3- Handstand Walk
The handstand walk is a bodyweight exercise that involves walking on your hands with your feet off the ground. This exercise requires significant upper body strength, balance, and coordination. It is a challenging exercise that requires a lot of practice to master.
To perform a handstand walk, start by kicking up into a handstand position against a wall. Once you are in the handstand position, begin to shift your weight from one hand to the other, taking small steps with your hands. As you get more comfortable with the movement, you can start to take larger steps and move away from the wall.
Overall, the handstand walk is a difficult exercise that requires a lot of practice and dedication to master. However, with the right approach and consistent training, it is a skill that can be achieved by anyone willing to put in the work.
2- Planche Push-up
The planche push-up is a very challenging bodyweight exercise that requires a high level of strength, balance, and control. It involves holding a planche position, which is a horizontal position with the arms straight and the body suspended in the air, and then performing a push-up from this position.
To execute a planche push-up, one must first have a solid foundation in basic push-ups, as well as advanced bodyweight exercises such as dips, handstands, and L-sits. The planche push-up requires a tremendous amount of core strength, as well as upper body strength in the shoulders, chest, and triceps.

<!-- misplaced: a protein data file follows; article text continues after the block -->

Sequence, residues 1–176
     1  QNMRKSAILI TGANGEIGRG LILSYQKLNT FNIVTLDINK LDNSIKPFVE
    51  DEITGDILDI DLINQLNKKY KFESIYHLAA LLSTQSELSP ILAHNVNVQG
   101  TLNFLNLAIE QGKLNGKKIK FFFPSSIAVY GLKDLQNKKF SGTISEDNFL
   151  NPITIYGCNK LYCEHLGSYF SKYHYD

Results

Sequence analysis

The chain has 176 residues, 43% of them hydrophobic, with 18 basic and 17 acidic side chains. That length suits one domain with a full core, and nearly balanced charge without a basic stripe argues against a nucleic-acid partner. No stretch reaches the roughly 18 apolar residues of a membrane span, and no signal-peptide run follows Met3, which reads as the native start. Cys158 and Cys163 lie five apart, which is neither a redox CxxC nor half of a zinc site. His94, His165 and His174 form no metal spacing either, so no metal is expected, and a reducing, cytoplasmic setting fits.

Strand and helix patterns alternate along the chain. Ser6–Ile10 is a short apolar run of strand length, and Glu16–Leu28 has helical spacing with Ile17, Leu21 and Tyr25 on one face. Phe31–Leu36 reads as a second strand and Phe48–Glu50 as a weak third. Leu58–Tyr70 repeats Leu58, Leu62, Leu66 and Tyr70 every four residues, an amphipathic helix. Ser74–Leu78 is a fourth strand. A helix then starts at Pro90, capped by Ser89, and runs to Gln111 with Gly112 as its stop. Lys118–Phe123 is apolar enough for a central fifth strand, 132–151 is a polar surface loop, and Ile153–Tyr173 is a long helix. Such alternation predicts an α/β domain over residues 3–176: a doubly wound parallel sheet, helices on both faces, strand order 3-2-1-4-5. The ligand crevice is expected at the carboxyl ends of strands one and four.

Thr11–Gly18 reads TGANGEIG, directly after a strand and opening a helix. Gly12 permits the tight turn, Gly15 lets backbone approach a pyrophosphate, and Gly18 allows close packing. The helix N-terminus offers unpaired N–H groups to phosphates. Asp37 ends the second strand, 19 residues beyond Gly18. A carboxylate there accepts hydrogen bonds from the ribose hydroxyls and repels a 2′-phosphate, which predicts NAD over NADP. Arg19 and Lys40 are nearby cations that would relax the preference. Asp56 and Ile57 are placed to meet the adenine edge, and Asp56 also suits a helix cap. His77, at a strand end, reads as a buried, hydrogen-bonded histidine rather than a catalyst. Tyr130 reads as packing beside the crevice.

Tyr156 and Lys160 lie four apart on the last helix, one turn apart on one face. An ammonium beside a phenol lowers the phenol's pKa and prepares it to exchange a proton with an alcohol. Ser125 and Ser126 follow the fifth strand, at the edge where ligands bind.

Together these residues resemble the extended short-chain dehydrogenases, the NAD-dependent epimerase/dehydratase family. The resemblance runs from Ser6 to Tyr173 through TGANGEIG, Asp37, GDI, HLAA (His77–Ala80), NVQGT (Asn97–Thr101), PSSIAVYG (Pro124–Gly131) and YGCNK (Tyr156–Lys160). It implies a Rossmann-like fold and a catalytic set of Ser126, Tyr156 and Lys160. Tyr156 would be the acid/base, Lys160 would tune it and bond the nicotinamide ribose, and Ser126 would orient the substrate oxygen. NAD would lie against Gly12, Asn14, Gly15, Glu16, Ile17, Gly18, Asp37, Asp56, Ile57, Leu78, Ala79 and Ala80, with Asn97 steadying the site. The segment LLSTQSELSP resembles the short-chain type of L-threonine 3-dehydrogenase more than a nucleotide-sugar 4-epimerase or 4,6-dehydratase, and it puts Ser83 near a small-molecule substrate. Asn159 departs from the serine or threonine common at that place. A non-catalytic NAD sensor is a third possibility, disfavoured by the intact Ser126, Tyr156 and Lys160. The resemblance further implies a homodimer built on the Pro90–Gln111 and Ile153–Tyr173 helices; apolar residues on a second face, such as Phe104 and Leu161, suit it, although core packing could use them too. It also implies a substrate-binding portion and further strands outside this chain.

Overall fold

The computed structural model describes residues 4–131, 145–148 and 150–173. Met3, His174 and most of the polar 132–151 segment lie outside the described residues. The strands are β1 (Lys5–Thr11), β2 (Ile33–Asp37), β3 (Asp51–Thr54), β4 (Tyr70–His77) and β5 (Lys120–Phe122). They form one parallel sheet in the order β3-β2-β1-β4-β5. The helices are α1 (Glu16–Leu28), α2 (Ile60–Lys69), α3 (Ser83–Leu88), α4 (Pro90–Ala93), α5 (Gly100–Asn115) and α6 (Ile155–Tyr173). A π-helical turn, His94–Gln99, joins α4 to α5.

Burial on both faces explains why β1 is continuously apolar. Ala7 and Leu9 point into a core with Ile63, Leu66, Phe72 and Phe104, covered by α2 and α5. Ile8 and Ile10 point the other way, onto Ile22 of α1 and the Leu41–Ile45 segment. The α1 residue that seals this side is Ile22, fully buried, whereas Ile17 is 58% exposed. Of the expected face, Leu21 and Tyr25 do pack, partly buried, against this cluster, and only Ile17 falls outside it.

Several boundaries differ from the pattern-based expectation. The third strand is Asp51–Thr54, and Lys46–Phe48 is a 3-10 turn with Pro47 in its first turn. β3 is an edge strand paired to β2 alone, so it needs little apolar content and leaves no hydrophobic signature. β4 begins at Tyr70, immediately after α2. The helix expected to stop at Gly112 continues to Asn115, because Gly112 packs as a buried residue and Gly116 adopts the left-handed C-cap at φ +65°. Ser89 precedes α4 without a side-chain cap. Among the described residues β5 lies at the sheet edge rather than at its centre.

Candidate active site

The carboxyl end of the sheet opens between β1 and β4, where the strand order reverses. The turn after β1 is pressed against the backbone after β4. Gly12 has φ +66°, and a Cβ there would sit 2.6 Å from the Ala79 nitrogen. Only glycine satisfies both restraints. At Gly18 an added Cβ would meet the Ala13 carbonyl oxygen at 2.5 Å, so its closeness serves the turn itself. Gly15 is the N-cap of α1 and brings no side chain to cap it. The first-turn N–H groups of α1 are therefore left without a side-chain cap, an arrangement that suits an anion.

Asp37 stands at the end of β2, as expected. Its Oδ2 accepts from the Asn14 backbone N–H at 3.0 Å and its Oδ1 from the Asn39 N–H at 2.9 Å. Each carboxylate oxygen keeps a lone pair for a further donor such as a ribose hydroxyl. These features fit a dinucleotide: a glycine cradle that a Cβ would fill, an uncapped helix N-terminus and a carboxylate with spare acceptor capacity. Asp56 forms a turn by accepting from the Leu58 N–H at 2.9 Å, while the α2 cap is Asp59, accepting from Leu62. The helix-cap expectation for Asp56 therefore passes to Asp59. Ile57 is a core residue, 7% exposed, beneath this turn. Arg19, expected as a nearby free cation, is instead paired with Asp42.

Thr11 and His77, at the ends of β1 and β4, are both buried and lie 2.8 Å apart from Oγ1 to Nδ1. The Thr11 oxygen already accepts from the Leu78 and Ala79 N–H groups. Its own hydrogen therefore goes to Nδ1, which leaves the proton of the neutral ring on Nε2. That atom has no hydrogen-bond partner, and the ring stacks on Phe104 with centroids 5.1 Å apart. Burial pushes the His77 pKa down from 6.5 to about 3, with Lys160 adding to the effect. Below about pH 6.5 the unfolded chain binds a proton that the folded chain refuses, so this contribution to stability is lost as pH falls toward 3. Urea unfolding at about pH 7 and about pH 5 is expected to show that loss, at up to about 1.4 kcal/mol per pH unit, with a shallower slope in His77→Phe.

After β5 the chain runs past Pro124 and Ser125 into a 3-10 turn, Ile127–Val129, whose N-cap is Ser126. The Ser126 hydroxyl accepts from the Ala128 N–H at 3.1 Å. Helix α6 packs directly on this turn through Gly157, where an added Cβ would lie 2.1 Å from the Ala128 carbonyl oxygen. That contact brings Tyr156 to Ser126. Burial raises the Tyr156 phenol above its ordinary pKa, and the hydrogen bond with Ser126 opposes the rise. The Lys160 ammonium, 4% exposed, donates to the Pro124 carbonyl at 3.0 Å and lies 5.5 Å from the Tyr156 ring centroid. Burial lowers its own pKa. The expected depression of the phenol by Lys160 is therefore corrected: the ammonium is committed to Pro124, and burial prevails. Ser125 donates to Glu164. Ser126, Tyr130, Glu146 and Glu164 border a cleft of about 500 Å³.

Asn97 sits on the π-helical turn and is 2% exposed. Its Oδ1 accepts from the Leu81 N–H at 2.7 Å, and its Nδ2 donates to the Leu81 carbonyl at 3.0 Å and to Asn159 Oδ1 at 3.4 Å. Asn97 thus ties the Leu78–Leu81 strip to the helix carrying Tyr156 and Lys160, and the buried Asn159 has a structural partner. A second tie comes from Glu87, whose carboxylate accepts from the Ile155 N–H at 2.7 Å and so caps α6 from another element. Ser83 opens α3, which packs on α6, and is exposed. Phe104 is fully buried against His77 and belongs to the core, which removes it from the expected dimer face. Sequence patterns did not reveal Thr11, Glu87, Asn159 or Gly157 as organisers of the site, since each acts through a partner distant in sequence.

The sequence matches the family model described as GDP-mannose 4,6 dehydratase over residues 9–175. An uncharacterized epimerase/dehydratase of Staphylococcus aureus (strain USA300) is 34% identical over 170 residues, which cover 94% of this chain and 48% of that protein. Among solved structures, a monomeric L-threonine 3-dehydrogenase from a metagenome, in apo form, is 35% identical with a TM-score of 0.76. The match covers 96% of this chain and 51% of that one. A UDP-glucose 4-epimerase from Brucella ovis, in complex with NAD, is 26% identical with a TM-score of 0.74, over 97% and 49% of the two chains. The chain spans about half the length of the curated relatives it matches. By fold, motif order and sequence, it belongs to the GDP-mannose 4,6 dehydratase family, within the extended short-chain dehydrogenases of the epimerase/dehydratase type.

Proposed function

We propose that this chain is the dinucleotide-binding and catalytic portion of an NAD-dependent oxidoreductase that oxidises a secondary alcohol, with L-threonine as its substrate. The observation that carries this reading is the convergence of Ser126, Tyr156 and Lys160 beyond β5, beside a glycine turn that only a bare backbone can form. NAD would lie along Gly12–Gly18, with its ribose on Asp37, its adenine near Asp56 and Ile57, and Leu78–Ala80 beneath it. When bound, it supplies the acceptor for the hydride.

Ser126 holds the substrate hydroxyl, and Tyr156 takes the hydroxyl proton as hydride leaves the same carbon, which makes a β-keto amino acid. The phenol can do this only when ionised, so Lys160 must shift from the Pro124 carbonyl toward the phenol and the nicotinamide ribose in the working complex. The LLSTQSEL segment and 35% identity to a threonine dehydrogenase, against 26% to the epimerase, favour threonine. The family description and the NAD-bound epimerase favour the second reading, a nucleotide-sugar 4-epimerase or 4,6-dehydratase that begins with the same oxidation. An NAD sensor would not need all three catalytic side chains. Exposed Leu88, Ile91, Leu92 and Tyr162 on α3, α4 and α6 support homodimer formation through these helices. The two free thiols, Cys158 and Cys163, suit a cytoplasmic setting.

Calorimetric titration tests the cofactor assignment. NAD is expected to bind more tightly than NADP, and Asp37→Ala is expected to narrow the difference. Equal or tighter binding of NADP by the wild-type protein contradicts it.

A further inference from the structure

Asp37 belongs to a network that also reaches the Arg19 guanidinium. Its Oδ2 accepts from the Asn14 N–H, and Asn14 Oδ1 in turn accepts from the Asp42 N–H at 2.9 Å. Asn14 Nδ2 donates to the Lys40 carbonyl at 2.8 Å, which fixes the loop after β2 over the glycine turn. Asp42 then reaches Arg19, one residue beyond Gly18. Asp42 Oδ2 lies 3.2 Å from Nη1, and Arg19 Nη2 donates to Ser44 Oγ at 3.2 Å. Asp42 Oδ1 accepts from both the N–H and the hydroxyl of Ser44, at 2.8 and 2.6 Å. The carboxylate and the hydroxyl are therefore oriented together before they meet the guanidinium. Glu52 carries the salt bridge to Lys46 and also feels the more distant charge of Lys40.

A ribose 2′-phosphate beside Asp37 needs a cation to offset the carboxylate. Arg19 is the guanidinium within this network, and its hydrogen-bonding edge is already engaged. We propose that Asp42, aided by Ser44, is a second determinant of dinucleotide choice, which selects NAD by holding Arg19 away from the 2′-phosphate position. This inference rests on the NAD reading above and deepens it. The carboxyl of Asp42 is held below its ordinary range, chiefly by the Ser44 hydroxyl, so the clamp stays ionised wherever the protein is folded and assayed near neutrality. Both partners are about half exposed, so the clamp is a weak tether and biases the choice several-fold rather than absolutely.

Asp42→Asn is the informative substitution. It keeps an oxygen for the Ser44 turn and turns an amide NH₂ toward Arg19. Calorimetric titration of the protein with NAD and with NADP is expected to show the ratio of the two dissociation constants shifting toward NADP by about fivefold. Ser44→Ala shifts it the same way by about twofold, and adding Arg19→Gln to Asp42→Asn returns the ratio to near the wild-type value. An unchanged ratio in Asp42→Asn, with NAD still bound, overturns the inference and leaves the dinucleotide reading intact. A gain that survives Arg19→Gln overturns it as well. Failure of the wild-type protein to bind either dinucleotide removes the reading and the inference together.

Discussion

To begin practicing the planche push-up, it is important to first master the planche hold, which involves holding the planche position for a period of time. This can be done by starting with easier progressions, such as the tuck planche or the advanced tuck planche, and gradually working up to the full planche position.
1- Human Flag
The human flag is a gymnastics and calisthenics move that involves holding your body horizontally while gripping a vertical pole or other object. This impressive exercise requires significant upper body and core strength, as well as balance and stability.
To perform a human flag, you start by gripping the pole with both hands and lifting your feet off the ground. Your body should be perpendicular to the pole, with your arms fully extended and your core engaged. Your legs can be straight or slightly bent at the knees.
Once you are in position, you hold the human flag for as long as you can. This can be challenging, as it requires a lot of strength to hold your body weight in this position.
To build the strength needed for a human flag, you can incorporate exercises like pull-ups, chin-ups, and bodyweight rows into your training routine. You can also practice holding a horizontal position on a low bar or parallel bars to work on your stability and balance.
Overall, the human flag is a challenging exercise that requires a lot of practice and dedication to master. But with consistent training and proper technique, anyone can work towards achieving this impressive feat of strength and athleticism.